A HISTORIC set of bagpipes which survived World War I to be played on the Brazilian beaches at Copacabana and the Grand Canyon, will be centre-stage as the 10th Blas Festival celebrates the sport of shinty.
In the week of the Camanachd Cup Final, which sees both the Blas 2014 grand finale concert and shinty’s showpiece game take place in Inverness, three shows highlighting the importance of shinty to Highland communities and Gaels world-wide, as well as the impact of the First World War on Highland communities, will be performed in shinty-playing areas.
The first of the Home and Away/Glir nan Caman shows will be in Tighabruaich, home of Kyles Athletic, on Wednesday 10th September. This is followed the next evening in Inverinate in Wester Ross and finally on Friday, the evening before the Camanachd Cup Final, at Eden Court Theatre in Inverness.
The shows, which build on the success of previous versions of Blas’s Shinty’s Heroes concerts will be presented by Hugh Dan MacLennan and this year’s musical director will be Fort William’s Megan Henderson from the band Breabach.
Joining the cast will be the piping MacGillivrays of Calrossie, accordionist and shinty star Gary Innes, and Gaelic singers Linda Macleod and Calum Alex MacMillan.
"We know that Shinty’s Heroes was well received and that it was not possible for everyone who might have wanted to see the show to be there," Hugh Dan MacLennan said.
"We are delighted that this year we have an opportunity to take the shinty shows to Argyll and Wester Ross and we will be tailoring the events to the various locations, highlighting heroes from each, and bringing the connections between music, song, shinty and the First World War together."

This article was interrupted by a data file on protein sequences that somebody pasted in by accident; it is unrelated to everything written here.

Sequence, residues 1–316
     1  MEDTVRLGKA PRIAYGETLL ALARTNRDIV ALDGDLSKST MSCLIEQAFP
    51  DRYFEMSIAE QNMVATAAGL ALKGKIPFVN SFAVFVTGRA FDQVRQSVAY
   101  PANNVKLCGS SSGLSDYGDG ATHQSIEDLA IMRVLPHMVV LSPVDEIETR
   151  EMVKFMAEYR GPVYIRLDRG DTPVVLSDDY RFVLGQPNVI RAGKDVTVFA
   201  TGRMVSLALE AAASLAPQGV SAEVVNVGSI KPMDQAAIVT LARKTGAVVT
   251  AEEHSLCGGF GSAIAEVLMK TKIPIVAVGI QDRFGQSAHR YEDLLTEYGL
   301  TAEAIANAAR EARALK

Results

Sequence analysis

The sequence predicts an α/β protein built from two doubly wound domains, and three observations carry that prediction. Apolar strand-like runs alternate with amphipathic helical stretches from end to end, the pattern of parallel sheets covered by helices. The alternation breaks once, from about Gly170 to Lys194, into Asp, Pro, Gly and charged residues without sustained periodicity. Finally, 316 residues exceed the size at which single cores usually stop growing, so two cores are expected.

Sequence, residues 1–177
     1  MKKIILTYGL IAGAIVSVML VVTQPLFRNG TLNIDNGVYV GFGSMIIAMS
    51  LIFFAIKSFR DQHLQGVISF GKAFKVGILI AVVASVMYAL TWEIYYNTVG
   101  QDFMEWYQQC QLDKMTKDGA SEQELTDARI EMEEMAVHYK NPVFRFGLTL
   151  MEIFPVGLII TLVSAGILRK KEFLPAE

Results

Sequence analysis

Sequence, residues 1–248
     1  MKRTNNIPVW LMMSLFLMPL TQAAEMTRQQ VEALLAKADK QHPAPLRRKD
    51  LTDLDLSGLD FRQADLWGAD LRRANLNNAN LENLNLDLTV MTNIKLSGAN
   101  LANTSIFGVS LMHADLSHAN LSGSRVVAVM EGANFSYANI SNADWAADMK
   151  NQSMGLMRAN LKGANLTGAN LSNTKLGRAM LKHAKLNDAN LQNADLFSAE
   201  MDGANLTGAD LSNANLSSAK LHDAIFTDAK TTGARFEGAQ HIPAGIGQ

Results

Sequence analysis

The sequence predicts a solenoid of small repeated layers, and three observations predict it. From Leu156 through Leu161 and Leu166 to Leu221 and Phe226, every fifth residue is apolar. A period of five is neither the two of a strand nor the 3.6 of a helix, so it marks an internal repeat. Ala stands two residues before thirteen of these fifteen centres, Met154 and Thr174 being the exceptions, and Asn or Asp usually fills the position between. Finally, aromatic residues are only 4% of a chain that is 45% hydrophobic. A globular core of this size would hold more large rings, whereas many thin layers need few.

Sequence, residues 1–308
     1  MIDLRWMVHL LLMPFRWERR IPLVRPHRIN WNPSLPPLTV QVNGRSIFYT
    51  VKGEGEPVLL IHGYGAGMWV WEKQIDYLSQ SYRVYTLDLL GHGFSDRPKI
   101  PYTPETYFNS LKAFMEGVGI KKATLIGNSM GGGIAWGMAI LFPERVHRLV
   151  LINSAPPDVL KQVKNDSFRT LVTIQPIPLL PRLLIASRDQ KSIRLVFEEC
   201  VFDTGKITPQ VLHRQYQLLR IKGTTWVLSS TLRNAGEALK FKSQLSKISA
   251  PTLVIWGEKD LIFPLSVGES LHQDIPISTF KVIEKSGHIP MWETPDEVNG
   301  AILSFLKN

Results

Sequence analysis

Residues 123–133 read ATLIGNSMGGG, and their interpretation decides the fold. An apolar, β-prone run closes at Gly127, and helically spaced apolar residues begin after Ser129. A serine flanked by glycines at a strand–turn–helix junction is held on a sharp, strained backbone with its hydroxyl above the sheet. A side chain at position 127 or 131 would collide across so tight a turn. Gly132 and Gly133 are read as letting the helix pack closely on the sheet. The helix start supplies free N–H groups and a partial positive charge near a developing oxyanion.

Former Battlefield Band piper Duncan MacGillivray, who appears with his four sons, will perform on a set of pipes that came through the Battle of Festubert in 1915, in which two of MacGillivray’s own great-uncles died.
"I know that the piping story with Duncan and the Festubert pipes was a very moving experience which we will highlight once again," MacLennan said.
"It’s a remarkable story that a set of pipes can survive the rigours of the war and then end up being played on the beaches of Brazil during a Pope’s visit. All will be revealed in due course!"
Also featured in the show is the story of the MacGillivray Cup, one of shinty’s most prized trophies and originally donated in the 1920s by one of Duncan MacGillivray’s relations.
"The MacGillivray story gives us an ideal opportunity to link the importance of shinty to Highland communities during the First World war with some of our most famous songs and stories," MacLennan added.
"There is no doubt that shinty played a great part in sustaining communities’ spirits particularly after the war, but it also provided the soldiers with some sense of hope that they would have something to return to. We will also reflect on how important shinty appears to have been to the Highland diaspora world-wide as they retained their memories of home, particularly at the New Year and that is singularly important this year with the Commonwealth games and Glasgow and it being a Homecoming Year."
This year’s Blas Festival will feature events at 100 locations around the Highlands and Argyll from 5th to 13th September.